In their article on this topic, the University of Toronto explains: “[Hand sanitizer] works by killing cells—not human cells. It kills microbial cells. It’s based on the use of 70 percent isopropyl alcohol, which is rubbing alcohol. That’s the concentration of rubbing alcohol that is most effective in killing germs—it’s even more effective than 100 percent. Because it has a little bit of water in it, it improves penetration. For a virus, sanitizers work by disrupting the virus’s outer coat. For a bacterium, they work by disrupting its cell membrane.”

This is different from soap and water. When using soap, you’re washing away germs and bacteria, not necessarily killing them. That said, antibacterial soaps do have some of the same germ-killing capabilities as hand sanitizers.

The reasons why hand sanitizer is so popular include:

  • It’s easy and inexpensive to install hand sanitizer dispensers throughout high-traffic areas, such as hospitals and stores. This means you have more physical spaces where people can clean their hands quickly and effectively, without needing to install hand washing stations or additional sinks.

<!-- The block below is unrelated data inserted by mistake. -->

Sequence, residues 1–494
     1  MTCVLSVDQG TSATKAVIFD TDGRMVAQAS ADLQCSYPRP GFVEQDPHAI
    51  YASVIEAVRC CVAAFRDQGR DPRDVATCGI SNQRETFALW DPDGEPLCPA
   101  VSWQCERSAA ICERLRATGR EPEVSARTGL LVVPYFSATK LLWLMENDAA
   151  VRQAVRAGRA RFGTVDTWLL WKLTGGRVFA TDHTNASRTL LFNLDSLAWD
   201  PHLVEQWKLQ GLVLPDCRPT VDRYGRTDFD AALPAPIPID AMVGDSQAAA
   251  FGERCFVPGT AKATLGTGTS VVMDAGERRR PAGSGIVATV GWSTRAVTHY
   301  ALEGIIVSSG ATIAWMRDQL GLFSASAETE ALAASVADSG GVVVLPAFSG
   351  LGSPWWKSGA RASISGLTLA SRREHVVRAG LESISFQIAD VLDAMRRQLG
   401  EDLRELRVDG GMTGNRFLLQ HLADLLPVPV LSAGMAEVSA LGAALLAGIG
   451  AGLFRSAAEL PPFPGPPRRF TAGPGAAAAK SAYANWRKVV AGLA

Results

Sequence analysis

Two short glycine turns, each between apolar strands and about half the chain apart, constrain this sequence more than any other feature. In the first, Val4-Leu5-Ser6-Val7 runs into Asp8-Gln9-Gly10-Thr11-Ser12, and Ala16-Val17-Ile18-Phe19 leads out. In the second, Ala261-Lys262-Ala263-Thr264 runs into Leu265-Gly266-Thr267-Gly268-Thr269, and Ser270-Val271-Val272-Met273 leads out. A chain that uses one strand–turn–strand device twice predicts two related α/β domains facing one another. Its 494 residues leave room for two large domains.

• Carrying a small bottle of sanitizer is convenient for busy families and individuals who want to quickly clean their hands without tracking down a hand washing space like a bathroom or kitchen.
  • Hand sanitizer is effective and inexpensive.

Here are a few quick facts about the increasingly prevalent hand sanitizer that you see everywhere from doctors’ offices, schools, and your own home.

Fact #1: Hand sanitizers DO kill a lot of germs.

The “kills 99.9% of germs” statistic you see on lots of hand sanitizer bottles is a bit misleading, but researchers have found that it does successfully kill a lot of germs and microbes that could make you sick. For healthcare workers, in particular, hand sanitizers can prevent a lot of illnesses that would otherwise spread between patients and workers. One of the reasons hand sanitizer is so effective in hospital settings is because it is proven that it’s easier to get people to comply with hand sanitizing policies than it is with hand washing policies.